When $250,000 Equals $315,000 in the Tax Debate: We’ve heard from several readers who wanted to know how much money households with $250,000 a year in adjusted gross income — that is, those who would have been affected by the Democrats’ original proposal on the Bush tax cuts — actually make. The answer seems to be about $315,000 a year.
Some background: President Obama and other Democrats originally proposed the expiration of the Bush tax cuts on income above $250,000 a year. With the Republicans taking over the House, the Democrats retreated from that proposal and agreed to extend all the Bush tax cuts for two years. But Democrats say they still want to see these high-end cuts expire in 2012.
There are two aspects of the high-end cuts that often get lost in the public discussion. The first is households with more than $250,000 a year in adjusted gross income would still get a tax cut — on their first $250,000 of such income. On average, this tax cut would equal about $6,500 a year, regardless of whether a household had $250,000 in adjusted gross income or $1 million (or much more) in adjusted gross income. If all the Bush tax cuts are extended, by contrast, households making at least $1 million a year would receive an average annual tax cut of $104,000.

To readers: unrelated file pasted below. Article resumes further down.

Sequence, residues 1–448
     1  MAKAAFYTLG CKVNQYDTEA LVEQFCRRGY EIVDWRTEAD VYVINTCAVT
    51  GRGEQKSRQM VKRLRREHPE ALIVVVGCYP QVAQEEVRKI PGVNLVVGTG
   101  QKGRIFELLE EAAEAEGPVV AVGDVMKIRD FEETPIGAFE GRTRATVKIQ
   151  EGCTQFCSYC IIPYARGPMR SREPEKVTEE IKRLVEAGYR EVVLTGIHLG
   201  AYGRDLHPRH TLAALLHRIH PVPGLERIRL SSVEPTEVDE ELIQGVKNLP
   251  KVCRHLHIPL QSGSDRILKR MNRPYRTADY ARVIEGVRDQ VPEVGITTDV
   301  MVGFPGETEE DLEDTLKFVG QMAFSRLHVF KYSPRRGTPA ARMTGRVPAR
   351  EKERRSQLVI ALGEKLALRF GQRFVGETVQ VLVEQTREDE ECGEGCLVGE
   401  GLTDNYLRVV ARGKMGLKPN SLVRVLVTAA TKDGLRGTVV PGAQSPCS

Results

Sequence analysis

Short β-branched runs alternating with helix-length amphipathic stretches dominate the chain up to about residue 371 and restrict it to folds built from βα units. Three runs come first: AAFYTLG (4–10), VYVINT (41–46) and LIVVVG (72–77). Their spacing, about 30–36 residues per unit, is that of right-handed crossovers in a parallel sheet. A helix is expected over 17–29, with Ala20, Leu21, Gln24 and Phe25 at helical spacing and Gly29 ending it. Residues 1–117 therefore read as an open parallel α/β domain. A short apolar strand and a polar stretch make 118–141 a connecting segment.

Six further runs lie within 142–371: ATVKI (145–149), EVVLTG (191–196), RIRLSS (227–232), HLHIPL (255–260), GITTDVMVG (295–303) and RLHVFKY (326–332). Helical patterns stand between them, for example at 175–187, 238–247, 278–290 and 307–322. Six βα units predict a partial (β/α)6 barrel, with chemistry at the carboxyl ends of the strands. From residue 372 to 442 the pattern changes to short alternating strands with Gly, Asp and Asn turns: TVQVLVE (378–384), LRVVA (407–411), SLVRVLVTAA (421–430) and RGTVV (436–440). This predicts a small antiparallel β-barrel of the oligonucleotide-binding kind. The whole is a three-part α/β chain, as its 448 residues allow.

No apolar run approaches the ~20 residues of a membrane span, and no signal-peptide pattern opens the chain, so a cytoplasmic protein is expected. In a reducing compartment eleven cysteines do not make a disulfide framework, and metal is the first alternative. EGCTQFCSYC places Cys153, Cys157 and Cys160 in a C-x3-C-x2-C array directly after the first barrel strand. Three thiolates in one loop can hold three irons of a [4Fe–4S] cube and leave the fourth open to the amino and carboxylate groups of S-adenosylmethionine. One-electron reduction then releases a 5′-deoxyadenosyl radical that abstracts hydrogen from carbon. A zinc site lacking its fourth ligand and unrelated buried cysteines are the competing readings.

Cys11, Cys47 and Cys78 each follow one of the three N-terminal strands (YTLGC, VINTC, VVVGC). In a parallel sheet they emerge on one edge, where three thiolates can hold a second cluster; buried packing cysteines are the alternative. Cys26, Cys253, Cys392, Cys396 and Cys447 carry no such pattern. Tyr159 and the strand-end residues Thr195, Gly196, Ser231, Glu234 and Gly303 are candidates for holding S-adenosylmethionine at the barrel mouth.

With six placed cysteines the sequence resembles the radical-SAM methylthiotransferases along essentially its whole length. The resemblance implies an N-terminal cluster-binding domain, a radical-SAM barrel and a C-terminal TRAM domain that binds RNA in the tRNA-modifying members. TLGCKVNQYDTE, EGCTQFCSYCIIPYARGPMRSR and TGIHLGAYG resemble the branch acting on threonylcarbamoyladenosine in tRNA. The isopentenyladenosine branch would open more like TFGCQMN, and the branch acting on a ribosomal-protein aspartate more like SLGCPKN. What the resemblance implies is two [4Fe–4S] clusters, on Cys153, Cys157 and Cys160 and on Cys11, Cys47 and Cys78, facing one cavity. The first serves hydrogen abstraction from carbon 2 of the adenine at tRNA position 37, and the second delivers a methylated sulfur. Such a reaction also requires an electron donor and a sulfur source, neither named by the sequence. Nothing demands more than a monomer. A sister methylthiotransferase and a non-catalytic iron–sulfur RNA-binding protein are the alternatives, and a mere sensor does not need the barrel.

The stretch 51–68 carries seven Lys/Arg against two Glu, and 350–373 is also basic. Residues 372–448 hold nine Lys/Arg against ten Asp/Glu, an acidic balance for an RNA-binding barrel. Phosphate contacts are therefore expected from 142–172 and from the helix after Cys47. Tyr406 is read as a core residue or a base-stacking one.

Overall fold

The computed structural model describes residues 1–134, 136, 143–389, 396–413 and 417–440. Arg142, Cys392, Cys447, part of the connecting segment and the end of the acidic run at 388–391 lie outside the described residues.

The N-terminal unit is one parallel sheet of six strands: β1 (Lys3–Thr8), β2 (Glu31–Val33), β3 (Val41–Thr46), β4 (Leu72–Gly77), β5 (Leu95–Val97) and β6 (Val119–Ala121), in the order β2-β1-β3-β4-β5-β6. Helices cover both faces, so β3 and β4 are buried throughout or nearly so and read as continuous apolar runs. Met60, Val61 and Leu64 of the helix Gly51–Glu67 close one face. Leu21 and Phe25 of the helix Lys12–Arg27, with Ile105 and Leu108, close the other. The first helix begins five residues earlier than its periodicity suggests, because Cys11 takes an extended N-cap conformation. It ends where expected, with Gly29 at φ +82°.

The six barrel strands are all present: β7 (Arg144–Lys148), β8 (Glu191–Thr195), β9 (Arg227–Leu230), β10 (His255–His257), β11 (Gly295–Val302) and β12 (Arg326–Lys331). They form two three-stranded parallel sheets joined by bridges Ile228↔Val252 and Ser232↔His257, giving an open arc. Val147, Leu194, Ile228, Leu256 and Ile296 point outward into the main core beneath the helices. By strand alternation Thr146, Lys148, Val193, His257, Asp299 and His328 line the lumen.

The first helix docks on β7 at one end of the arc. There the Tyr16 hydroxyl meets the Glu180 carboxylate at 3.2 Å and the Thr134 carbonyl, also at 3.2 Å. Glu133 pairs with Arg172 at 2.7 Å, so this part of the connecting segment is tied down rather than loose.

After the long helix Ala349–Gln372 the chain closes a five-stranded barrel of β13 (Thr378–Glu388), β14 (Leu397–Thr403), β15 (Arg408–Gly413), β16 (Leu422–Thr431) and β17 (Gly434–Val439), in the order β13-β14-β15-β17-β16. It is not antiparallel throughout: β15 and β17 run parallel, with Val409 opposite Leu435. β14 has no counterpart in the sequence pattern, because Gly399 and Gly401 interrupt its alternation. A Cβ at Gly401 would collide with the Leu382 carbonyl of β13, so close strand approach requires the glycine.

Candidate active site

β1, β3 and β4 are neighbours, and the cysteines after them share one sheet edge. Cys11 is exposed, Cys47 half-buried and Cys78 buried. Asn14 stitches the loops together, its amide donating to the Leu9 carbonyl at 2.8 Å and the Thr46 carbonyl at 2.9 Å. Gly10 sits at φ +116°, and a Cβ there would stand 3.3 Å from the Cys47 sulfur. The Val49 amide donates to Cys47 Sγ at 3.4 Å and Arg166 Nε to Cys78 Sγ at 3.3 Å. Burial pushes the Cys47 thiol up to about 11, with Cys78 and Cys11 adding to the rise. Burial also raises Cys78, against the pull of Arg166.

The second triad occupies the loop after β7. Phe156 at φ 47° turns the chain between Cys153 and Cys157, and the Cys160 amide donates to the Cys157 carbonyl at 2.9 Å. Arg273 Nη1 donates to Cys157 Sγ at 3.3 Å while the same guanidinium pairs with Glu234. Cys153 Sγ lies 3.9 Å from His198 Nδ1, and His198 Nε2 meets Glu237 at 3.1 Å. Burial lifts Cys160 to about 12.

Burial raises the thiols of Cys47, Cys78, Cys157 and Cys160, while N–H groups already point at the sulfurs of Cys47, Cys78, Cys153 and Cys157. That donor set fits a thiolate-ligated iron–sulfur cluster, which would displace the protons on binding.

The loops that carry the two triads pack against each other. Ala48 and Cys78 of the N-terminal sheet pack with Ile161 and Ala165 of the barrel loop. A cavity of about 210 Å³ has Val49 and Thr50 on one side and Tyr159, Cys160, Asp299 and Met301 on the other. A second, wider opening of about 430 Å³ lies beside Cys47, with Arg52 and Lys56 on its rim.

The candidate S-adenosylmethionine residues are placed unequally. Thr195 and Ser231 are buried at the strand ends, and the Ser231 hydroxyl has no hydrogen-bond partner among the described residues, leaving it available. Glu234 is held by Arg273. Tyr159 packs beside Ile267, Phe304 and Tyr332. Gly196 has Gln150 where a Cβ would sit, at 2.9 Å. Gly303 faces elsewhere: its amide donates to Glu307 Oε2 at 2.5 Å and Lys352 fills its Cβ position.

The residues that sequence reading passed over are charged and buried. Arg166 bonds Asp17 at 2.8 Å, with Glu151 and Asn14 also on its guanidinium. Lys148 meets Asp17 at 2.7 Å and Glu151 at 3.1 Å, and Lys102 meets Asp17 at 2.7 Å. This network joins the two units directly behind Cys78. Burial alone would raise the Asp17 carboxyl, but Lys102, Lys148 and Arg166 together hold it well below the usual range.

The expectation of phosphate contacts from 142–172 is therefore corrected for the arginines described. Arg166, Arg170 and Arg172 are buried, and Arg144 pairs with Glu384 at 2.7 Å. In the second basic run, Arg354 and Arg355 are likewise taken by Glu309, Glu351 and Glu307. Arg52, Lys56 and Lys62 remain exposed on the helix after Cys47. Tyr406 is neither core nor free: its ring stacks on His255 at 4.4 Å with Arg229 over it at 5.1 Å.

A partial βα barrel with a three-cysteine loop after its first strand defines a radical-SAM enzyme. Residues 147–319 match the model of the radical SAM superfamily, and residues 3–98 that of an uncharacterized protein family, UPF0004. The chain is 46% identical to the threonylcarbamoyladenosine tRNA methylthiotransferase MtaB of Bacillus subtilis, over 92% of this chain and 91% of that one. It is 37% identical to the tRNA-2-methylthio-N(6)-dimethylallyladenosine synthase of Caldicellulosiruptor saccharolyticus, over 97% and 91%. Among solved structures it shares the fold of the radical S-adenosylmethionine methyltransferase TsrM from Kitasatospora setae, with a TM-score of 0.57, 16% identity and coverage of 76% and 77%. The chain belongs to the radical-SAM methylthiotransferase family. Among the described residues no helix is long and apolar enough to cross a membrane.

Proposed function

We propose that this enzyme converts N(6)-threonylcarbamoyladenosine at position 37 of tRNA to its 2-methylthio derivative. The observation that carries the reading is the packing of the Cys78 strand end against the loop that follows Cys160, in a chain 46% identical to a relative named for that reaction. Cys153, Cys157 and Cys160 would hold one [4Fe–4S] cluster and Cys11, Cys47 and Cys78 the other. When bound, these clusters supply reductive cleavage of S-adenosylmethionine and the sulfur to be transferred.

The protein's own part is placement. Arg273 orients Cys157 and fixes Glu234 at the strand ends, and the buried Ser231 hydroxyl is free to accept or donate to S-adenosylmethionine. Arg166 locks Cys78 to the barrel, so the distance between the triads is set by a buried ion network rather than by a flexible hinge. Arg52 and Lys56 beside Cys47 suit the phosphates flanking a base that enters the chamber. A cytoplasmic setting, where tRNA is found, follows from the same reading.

The second issue is that earning $250,000 in adjustable gross income is different from earning $250,000 in total income. High-income households tend to take a significant number of deductions. At our request, Roberton Williams at the Tax Policy Center analyzed the total income of households with $240,000 to $260,000 a year in adjusted gross income. On average, they made $315,000 in adjusted gross income, including $32,000 in capital gains and dividends.
So when you hear talk about taxes on people makes at least $250,000 a year, it really tends to means taxes on income above $315,000 a year.